Main field(s) of study and in-depth level:
Peace and Conflict Studies A1N
Explanation of codes
The code indicates the education cycle and in-depth level of the course in relation to other courses within the same main field of study according to the requirements for general degrees:
G1N: has only upper-secondary level entry requirements
G1F: has less than 60 credits in first-cycle course/s as entry requirements
G1E: contains specially designed degree project for Higher Education Diploma
G2F: has at least 60 credits in first-cycle course/s as entry requirements
G2E: has at least 60 credits in first-cycle course/s as entry requirements, contains degree project for Bachelor of Arts/Bachelor of Science
GXX: in-depth level of the course cannot be classified.
A1N: has only first-cycle course/s as entry requirements
A1F: has second-cycle course/s as entry requirements
A1E: contains degree project for Master of Arts/Master of Science (60 credits)
A2E: contains degree project for Master of Arts/Master of Science (120 credits)
AXX: in-depth level of the course cannot be classified.
Fail (U), Pass (G), Pass with distinction (VG)
The Department Board
Fulfilment of the requirements for a Bachelor's degree with a social science subject as the main field of study.
After completion of this course the student is expected to be able to:
Demonstrate a deepened understanding of the central themes in the study of gender in peace and conflict research.
Be aware of theoretical approaches and emerging empirical patterns in the gendered aspects of war and peace, as they are covered in existing scholarly knowledge.
Identify institutional actors, processes and efforts to address the gendered nature of armed violence and respond to the demands for building equal post-war societies.
Design and carry-out an analytical writing task, using a scientific approach, on a relevant topic in the course subject and within the specified time limits.
Demonstrate familiarity with central topics that are covered in the course.
This course focuses on the intersection between gender and peace and conflict research. It aims to develop students' abilities to understand the complex role that gender plays in patterns of war and peace. Gender is defined as the "socially constructed roles, behaviours, activities, and attributes that a given society considers appropriate for men and women". The emphasis is placed on understanding gender's explanatory value in relation to participation in war; the differential patterns of suffering and violence; and the consequences for men and women in conflict resolution, peacekeeping, transitional justice and peacebuilding processes. In addition, the course builds familiarity with different efforts to address the gendered nature of armed violence and the demands for equal post-war societies. The role of the United Nations (UN), regional organisations and local level actors will be highlighted. Three inter-related sub-areas will be covered: 1) Wartime violence; 2) Post-war transitions and peacebuilding; and 3) Responses and gender, women and war. The course will explore topics such as gendered differences in participation and suffering; sexual violence in armed conflict; the social and political variation associated with gender equality goals and outcomes; the challenges of peacekeeping; women's participation in conflict resolution; and implications for peacebuilding and transitional justice.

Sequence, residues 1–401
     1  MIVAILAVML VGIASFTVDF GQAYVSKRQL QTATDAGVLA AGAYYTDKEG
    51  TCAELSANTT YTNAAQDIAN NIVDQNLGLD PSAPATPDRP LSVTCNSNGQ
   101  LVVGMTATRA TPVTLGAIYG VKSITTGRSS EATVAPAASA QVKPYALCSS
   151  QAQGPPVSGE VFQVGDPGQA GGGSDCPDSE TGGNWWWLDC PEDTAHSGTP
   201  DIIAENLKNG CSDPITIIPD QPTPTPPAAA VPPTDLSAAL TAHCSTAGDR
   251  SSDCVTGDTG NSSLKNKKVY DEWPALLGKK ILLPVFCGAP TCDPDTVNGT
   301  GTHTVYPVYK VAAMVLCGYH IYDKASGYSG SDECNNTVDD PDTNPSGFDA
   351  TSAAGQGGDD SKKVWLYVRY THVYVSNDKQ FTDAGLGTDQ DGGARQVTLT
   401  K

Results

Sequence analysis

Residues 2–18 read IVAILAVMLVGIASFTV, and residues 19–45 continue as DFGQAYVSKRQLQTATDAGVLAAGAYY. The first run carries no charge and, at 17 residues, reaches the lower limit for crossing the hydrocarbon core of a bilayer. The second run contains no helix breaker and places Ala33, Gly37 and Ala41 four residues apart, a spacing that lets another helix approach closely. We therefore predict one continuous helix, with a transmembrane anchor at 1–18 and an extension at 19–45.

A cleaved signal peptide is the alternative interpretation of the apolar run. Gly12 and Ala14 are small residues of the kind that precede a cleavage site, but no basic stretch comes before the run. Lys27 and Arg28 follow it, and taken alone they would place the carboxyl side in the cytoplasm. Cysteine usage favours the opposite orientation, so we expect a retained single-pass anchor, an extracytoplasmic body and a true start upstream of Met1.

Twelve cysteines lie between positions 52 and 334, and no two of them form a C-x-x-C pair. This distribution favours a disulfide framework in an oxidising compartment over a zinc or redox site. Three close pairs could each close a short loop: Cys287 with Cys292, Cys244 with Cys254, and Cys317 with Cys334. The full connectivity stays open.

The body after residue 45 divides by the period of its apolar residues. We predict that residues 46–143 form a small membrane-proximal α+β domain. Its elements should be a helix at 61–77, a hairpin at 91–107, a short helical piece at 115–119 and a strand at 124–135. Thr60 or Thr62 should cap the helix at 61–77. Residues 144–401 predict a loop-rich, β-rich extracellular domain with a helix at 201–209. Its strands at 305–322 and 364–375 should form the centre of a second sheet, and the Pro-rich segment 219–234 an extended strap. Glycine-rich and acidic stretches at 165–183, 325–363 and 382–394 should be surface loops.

World Health Organisation, 'What do we mean by "sex" and "gender"?', Gender, women and health, <http://www.who.int/gender/whatisgender/en/>.
The course will be carried out through short lectures and interactive seminars during which the students will present and discuss written submissions.
Examination and grading is based on the students' performance in the following areas: oral presentations of readings; short memos; active participation in seminars and lectures; and a final paper.
The grading system has three grades: Pass with distinction (VG); Pass (G); and Fail (U).
Two retake opportunities are offered per year the course is offered.
If there are special reasons for doing so, an examiner may make an exception from the method of assessment indicated and allow a student to be assessed by another method. An example of special reasons might be a certificate regarding special pedagogical support from the University's disability coordinator.